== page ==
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Why Not Contraception Stamps?

December 3rd, 2013 · 15 Comments

Like all wealthy countries, the United States has made a policy commitment to ensuring that everyone, regardless of  income level, has access to enough food to sustain their health. One way we could make good on that commitment is by a system of compulsory food insurance: Everyone pays in, either via plans purchased on the individual market or through coverage employers are required to provide, and then you swipe your insurance card at the grocery store, and your insurance picks up the tab.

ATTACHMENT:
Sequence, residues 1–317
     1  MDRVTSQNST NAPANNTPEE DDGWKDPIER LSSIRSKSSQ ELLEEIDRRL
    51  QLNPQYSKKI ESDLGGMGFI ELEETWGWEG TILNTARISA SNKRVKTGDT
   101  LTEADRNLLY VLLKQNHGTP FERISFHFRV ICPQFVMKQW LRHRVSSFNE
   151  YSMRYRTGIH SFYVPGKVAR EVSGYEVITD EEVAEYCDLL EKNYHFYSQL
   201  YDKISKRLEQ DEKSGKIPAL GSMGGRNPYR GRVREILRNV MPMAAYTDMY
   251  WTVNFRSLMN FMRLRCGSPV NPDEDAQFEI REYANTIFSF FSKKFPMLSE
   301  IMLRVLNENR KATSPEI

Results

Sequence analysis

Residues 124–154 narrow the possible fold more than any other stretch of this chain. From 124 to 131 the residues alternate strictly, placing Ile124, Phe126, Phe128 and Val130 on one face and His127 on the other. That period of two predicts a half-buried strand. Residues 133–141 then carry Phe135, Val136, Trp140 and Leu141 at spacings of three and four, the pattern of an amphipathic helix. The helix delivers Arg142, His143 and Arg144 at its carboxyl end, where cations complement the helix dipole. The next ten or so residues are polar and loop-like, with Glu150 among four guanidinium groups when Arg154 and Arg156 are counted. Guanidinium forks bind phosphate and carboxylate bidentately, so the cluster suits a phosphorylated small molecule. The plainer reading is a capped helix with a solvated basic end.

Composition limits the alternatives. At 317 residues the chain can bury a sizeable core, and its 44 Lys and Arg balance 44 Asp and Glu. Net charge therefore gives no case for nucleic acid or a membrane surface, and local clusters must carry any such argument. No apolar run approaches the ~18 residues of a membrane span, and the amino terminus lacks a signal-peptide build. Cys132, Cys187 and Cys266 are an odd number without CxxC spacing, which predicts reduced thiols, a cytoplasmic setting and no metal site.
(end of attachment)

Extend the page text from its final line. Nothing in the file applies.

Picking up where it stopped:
There are a bunch of obvious reasons this is not, in fact, the way we do things.  The need to eat is not really a “risk” people need to “insure against.”  Everyone needs to eat, and so the grocery bill is just a predictable, usually relatively stable, recurring expense.  Second, while some bodies will need more food to sustain themselves than others—and there’s some minimum everyone’s going to have to spend on food to stay healthy—the cost, quality, and quantity of food people consume is also substantially a matter of individual choice and preference. You have foodies who devote substantial time, energy and money to culinary pleasures, and folks who keep a far more Spartan diet than they could afford.